We are not very far removed from our primal selves it seems. Steinbeck speculates this may be part of the problem. He wonders if we were ready for consciousness:

Perhaps no other animal is so torn between alternatives. Man might be described fairly adequately, if simply, as a two-legged paradox. He has never become accustomed to the tragic miracle of consciousness. Perhaps, as has been suggested, his species is not set, has not jelled, but is still in a state of becoming, bound by his physical memories to a past of struggle and survival, limited in his futures by the uneasiness of thought and consciousness. 2

A recent New Yorker article on Wendell Berry finds him echoing Steinbeck’s conception of human beings as two legged paradoxes:

The following year, he marched against the Vietnam War in Lexington, where he told the crowd that, as a member of the human race, he was “in the worst possible company: communists, fascists and totalitarians of all sorts, militarists and tyrants, exploiters, vandals, gluttons, ignoramuses, murderers.” But, he insisted, he was given hope by people “who through all the sad destructive centuries of our history have kept alive the vision of peace and kindness and generosity and humility and freedom.” 3

Steinbeck has some things to say about hope too:

It is amazing how the strictures of the old teleologies infect our observation, causal thinking warped by hope. It was said earlier that hope is a diagnostic human trait, and this simple cortex symptom seems to be a prime factor in our inspection of our universe. For hope implies a change from present bad condition to a future better one. The slave hopes for freedom, the weary for rest, the hungry for food. And the feeders of hope, economic and religious, have from these simple strivings of dissatisfaction managed to create a world picture which is very hard to escape. Man grows toward perfection; animals grow toward man; bad grows toward good; and down toward up, until our little mechanism, hope, achieved in ourselves probably to cushion the shock of thought, manages to warp our whole world. Probably when our species developed the trick of memory and with it the counterbalancing projection called “the future,” this shock-absorber, hope, had to be included in the series, else the species would have destroyed itself in despair. For if ever any man were deeply and unconsciously sure that his future would be no better than his past, he might deeply wish to cease to live.4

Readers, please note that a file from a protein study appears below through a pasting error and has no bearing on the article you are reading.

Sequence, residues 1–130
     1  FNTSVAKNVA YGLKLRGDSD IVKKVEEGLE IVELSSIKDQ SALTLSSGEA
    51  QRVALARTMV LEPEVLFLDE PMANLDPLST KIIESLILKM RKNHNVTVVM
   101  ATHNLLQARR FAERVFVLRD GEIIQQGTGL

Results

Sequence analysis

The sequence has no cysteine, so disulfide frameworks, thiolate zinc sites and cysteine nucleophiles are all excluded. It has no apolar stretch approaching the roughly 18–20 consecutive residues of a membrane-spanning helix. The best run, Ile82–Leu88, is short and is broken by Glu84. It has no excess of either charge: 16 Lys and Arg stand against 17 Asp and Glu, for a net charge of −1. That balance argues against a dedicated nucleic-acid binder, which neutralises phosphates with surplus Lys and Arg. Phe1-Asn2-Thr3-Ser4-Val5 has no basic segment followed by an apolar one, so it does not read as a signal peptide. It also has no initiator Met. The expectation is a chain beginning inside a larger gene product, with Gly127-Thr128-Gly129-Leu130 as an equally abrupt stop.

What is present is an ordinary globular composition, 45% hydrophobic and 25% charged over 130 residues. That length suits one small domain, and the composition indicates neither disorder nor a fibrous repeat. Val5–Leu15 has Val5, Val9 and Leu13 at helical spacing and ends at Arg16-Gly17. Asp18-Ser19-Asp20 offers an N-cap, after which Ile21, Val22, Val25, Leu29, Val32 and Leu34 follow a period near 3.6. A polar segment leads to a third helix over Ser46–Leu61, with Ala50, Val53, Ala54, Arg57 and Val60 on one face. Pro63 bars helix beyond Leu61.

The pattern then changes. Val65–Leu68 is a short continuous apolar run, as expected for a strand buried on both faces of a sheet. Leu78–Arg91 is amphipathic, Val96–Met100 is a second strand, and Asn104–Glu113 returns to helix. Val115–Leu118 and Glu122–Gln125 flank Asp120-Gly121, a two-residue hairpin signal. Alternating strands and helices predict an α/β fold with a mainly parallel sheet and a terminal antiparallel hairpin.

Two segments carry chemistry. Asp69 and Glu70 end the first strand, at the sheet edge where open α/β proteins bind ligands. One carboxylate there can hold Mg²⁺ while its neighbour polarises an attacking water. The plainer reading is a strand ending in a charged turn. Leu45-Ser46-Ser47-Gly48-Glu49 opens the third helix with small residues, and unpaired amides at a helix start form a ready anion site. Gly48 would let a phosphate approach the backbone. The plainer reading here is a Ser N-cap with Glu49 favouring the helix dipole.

We are a puzzling species. Full of hope for better. Full of desire that continuously draws us to the worst. How we overcome ourselves is a question for the ages.

  1. John Steinbeck, The Log from the Sea of Cortez, p80 ↩︎

  2. Ibid. ↩︎

  3. Wendell Berry’s Advice for a Cataclysmic Age | The New Yorker ↩︎

  4. John Steinbeck, The Log from the Sea of Cortez, p72 ↩︎